Why Bother Thinking About The Male Perspective?

Why Bother Thinking About The Male Perspective?

One of my students favorite events at school are the student-led conferences. It is the only time the child gets to show their parents just how their day is spent at day. 

This last week, my students prepared for these meetings. On Monday they made lists of what they wanted to show; a clean desk, a poem written in cursive, two essays, the graph showing their percentages for spelling tests, as well as a math test. Tuesday and Wednesday they completed essays, wrote poems in cursive and cleaned out their desks of old papers. Thursday was showtime.

                             Watching From a Distance

Since the conferences are student-led, I stay on the sidelines, filing papers, making lesson plans and watching from a distance as my students lead another adult around the classroom.

 Not every child has a parent to bring to their conference. A great grandmother, hunched and walking with a cane shook my hand. “I don’t believe I’ve met you,” she said, taking my hand in her soft and arthritic one. “Is this your first year teaching here?” I assured her I’d been teaching fourth grade for a while at the school, but it was my first year teaching her great-granddaughter.  

Other times, a student’s whole family attends. When J.’s family, mom, dad and three younger siblings came into the classroom, I watched and listened as his mom praised his work. But J.’s eyes were on his dad. J. had rewritten his essay four times that week for the A+ he he finally gained and now I knew why. J.’s eyes were on his dad as his dad read the essay he’d worked so hard to perfect.  When his dad gave the nod of approval, J. let out the breath he’d been holding.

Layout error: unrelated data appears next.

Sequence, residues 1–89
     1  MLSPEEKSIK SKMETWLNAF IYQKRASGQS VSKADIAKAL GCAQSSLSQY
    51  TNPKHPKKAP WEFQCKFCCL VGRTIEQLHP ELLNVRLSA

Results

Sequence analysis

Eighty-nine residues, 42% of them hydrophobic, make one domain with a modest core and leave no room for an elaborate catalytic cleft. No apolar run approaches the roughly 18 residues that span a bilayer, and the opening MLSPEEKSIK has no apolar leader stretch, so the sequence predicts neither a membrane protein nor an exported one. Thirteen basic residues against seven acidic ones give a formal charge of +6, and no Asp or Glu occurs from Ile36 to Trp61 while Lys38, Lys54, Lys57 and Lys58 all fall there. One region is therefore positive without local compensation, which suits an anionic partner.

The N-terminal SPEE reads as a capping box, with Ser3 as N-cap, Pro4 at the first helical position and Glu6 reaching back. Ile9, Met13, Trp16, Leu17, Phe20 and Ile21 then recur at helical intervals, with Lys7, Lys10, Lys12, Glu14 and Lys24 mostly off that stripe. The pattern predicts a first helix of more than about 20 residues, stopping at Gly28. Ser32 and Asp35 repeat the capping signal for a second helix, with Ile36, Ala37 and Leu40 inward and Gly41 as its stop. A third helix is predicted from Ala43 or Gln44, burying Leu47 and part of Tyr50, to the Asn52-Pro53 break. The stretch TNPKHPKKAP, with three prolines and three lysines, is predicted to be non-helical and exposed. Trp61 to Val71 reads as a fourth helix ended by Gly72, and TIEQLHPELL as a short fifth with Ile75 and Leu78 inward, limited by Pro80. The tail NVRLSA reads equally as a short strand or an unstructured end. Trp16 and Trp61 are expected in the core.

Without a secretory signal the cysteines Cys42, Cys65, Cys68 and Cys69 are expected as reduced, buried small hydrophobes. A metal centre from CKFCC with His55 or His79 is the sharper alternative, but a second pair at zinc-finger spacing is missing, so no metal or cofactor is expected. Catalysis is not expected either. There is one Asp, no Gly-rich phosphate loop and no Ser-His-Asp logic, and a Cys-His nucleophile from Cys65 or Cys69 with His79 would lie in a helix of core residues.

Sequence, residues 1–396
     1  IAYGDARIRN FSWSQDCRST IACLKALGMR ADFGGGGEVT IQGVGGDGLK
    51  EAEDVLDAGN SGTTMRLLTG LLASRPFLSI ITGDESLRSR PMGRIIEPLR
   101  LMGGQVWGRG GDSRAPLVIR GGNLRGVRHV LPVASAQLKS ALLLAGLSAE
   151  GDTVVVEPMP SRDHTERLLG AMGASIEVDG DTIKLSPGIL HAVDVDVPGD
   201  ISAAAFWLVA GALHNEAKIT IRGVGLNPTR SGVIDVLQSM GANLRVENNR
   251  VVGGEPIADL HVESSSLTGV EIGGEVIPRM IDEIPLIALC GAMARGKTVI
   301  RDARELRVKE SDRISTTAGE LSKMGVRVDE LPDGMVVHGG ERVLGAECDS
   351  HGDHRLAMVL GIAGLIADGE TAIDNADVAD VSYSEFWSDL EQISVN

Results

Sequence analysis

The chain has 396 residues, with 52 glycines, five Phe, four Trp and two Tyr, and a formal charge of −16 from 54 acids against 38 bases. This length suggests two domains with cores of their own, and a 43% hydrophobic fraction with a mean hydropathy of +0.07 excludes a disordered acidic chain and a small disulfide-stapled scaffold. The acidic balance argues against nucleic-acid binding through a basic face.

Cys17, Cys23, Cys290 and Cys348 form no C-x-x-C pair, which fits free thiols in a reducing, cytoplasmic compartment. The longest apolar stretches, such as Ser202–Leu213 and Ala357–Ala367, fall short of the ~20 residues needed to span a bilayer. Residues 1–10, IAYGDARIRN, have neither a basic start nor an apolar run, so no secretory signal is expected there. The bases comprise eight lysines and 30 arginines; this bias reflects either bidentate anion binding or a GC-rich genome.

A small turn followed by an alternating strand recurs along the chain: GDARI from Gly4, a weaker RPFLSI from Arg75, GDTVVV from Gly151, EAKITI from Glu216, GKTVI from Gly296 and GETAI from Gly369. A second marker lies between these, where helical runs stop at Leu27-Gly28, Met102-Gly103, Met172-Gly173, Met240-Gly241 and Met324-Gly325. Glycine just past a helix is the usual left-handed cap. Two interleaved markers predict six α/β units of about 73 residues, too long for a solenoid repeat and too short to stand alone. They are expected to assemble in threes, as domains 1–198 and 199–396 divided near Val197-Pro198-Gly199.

I also have single parents. A., an only child from a divorced home, practically ran into the classroom dragging his dad to his desk. I watched as his dad, a large man, settled himself into his son’s chair. Then A. proceeded to show his dad everything he’d done that week and more. I could hear bits and pieces of the conversation between the father and son and A.’s face glowed with pride as his father turned the pages of different notebooks that A. showed him. 

When they’d finished, A.’s dad, sent him outside to play and conferenced with me about the child custody battle he was having. I listened, my heart sad and hopeful at the same time. 

“I’m going to talk with A. tonight, but I just want you to know that I am asking the judge for full custody and that if you see any change in his behavior, it may be associated with what is going on at home.”

“Well, I just want you to know how well he is doing. The other day, I teared up just watching how concentrated his focus was on getting his work done so he could show you.” I hadn’t  expected to tear up in front of A.’s dad, yet I couldn’t hold back the emotions.

“Well, that is good to hear. I am trying to be really intentional with the time I spend with him. I’m learning to balance between being the authoritarian and the nurturer in his life.” 

“Well, it looks to me like what you are doing is working.” 

After they left, the classroom was empty and I pondered while noticing kids on the playground, their dad’s nearby if needed. It seems that a son can win the approval of his mother easier than that of his father’s and yet, it is the father’s that he wants so badly.  

Why bother thinking about the male’s perspective? Though a father’s admiration is harder to gain, sons seem to understand that and know that it is worth the work to gain it.